What you get from fat tires is less risk from road cracks and slots, immunity to slotted storm grates, protection from potholes and curbs, and less road vibration. Plus they hold air much longer between pump-ups, and they protect your rims far better (I haven’t trued a fat-tired rim in years).

    You could do both, of course — I use daytime running lights AND I use fat tires, both of those for rational safety reasons, and I use a helmet on a bicycle but not in a car, because I am American and we have a culture of irrational attitudes towards risk. If I were rational, I would also wear the helmet while driving, and perhaps while walking.


    Cold Shoaler

    I’m all for people freely making their own choices as well. I’m also for the conversations about those choices being fact-based. All too often I encounter people who site some anecdote where “my helmet saved my life”, or uses some incident where their helmet hit something as proof that it protected them. I’ve had crashes where my head did NOT hit an object because I was NOT wearing a helmet. Most people presume the safety benefits of helmets extend to all types of impact. They do not. Most people also seem to think that the benefits of bike helmets are on the order of seatbelts in cars or not smoking. I wish someone would show me some data to support that view; I’ve yet to see it.

    The you-should-wear-a-helmet as default view of so many ‘mericans is a symptom of 1) our cultural windshield perspective and 2) the extreme sports/bikes are for racing marketing of cycling apparel.


    Cold Shoaler

    I think this is what you would have to wear for any meaningful protection:



    “saved me from plenty of scratches, bruises, “

    How do you protect other parts of your body from these problems?



    Actually the no turn on red is pretty ingrained in most NYC drivers.


    walks bikes drives

    Actually, I do often run my lights during the day, especially on cloudy days, and was running them on that day. And studded tires? I ride a road bike for my commute. Have yet to see studded tires in 25s. But studded tires would weaken the tires grip on the dry pavement, giving greater likelihood of loss of control, especially at higher speeds. In my years of riding, this was the first hit of black ice I’ve had in NYC. And yeah, there was more safety gear that helped me in that incident. Simply, between my leather jacket and my helmet, I walked away with a broken pedal, and nothing more.

    Again, I’m not saying it saved my life. I’m not even saying it saved a hospital visit, or even a doctors visit. I’m just saying I avoided injury which would have been guaranteed the way I went down if I wasn’t wearing a helmet. You choose to do what you want to do. I don’t advocate them by law for the simple reason of, if you get killed because you chose not to wear a helmet, where the helmet could have prevented your death, that’s on you. I can live with it.

    Cars speeding and not yielding to pedestrians in crosswalks, however, that doesn’t affect the person making the choice in the same way it affects those who have no choice.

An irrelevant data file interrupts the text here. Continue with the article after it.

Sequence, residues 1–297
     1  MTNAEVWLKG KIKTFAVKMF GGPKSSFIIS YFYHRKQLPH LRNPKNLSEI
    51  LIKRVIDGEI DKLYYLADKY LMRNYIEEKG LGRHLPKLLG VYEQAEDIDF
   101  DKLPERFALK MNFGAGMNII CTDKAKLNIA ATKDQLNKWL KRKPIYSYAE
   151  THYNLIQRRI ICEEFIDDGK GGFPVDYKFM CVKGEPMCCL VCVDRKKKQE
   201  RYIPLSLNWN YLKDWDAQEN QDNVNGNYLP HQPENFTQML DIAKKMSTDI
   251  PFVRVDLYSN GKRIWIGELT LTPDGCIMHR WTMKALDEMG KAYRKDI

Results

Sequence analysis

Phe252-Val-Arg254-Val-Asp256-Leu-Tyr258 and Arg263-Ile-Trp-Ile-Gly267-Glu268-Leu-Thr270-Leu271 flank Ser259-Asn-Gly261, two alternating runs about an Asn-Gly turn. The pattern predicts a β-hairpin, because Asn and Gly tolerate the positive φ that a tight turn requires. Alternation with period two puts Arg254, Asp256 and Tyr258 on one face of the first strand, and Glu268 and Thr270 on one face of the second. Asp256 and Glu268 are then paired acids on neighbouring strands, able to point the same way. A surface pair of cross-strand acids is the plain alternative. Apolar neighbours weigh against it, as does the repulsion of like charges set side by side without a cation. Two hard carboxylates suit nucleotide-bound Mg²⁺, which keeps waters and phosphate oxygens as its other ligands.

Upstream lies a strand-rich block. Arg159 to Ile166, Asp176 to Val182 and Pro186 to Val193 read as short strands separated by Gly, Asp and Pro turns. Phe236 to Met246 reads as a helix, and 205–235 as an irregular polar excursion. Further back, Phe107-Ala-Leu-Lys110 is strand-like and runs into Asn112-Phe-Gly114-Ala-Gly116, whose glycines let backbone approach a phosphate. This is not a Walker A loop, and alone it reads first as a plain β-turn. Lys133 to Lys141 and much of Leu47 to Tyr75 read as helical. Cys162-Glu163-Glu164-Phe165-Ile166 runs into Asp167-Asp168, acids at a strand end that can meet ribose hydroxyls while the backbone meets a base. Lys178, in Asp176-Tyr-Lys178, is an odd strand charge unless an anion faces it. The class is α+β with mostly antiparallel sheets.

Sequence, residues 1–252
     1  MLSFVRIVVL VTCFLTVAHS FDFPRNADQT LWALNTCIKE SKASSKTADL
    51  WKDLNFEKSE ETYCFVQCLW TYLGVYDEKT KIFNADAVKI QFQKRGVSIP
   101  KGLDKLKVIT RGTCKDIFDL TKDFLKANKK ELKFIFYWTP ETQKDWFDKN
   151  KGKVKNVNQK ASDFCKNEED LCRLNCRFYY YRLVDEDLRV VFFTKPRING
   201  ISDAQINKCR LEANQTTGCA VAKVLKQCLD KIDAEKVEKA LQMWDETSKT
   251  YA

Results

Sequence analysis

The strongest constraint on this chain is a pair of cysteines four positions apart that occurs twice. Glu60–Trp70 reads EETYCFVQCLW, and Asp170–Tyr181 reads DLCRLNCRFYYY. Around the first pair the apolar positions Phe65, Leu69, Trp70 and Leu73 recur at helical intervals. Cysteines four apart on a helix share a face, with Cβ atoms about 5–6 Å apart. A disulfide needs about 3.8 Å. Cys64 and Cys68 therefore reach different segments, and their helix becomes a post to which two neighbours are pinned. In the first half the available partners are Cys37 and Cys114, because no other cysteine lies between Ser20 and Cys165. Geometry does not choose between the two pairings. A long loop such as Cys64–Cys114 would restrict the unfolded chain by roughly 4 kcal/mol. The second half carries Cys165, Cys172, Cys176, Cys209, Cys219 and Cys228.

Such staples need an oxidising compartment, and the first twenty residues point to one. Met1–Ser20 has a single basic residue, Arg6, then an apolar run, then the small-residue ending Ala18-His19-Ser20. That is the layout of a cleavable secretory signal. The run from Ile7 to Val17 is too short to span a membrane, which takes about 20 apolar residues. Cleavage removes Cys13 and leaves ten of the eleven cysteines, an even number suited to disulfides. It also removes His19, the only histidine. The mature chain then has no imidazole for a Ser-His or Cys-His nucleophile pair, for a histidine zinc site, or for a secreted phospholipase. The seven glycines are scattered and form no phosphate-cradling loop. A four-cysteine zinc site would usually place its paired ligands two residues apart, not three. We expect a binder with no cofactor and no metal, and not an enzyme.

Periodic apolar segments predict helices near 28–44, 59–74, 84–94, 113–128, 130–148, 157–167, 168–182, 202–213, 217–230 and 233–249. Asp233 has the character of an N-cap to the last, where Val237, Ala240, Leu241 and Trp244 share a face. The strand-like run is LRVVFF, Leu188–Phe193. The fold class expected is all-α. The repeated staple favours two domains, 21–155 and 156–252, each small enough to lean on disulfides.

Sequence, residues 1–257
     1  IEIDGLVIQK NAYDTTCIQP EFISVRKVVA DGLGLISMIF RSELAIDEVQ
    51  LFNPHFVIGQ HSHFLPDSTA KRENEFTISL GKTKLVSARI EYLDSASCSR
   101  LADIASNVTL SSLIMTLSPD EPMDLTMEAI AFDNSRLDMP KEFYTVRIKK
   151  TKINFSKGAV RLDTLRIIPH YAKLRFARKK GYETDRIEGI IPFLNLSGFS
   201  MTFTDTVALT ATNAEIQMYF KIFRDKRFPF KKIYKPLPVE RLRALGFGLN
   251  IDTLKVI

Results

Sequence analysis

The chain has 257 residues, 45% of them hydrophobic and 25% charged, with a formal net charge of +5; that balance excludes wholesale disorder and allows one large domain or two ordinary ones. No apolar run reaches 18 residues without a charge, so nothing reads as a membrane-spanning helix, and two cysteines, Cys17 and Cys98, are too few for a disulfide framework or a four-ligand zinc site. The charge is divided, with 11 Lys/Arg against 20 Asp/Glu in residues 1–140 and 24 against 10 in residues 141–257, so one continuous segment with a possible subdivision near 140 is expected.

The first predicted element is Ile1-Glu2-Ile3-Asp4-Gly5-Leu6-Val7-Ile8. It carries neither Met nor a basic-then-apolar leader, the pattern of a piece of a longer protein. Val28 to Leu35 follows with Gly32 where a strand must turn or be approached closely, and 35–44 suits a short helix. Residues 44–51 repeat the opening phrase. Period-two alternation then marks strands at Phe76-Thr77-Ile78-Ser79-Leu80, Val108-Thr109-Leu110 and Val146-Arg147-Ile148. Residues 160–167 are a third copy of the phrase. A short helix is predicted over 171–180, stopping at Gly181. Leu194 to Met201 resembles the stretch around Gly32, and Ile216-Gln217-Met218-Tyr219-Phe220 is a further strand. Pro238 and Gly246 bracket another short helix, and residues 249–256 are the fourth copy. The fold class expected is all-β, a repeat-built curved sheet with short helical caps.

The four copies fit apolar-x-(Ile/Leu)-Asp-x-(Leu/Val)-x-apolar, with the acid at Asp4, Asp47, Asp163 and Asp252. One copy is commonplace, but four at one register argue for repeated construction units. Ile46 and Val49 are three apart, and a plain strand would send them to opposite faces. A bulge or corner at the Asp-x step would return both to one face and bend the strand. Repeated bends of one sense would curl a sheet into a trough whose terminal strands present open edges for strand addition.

On the that same frame of mind, I also feel seatbelts should be mandatory, for the automakers, but enforcement of the driver wearing the belt, that’s a waste of resources that could be used for a greater good. However, I feel naked not wearing one, and even wear them in the back of cabs.

    I guess you could say, I’m pro choice. :)



    Changing the culture by bringing in the Commissioner from 20 years ago?

    Moving toward safer streets for non-auto modes by bringing in the Commissioner from Los Angeles?

    Did nobody see this coming?


    walks bikes drives

    While I agree that helmets SHOULD be designed better, to protect against rotational forces, etc., I do see them as beneficial. Right, there are limited situations where a helmet will save your life. But they exist. And there should be more, but for that, we need better designs.


    Cold Shoaler

    Your helmet sliding across the pavement exposed you to torsional skull and neck injuries, which bike helmets are not designed or tested to prevent. It makes more sense to wear a helmet when you drive or climb a ladder.



    And why a helmet, instead of, say, studded tires? And do you use daytime running lights? Those have actually been studied in something approximating an honest test (and they helped).

    The helmets obsession for bikes is not terribly rational. There’s other tested safety measures that are apparently better that we don’t care about, and we don’t seem to care at all that helmets might help in a car or while walking — only on bikes, even though all those risks are in the same give-or-take-a-factor-of-two ballpark.



    Like the double parking law? Or the driving on the right law? Or the not tailgating law? And the red light law, the not blocking intersections law, the no turns on red law? Such success.


    walks bikes drives

    I’m all for the split phase that that would require…



    Yeah, I did overlook those islands on the other side of the street. But I still don’t think we should be requiring (or expecting) the elderly or disabled to walk ~30 yards out of their way (and make 2 extra street crossings in the process) just to reach the single pedestrian refuge island on “the other side of the street” that ostensibly exists for their benefit.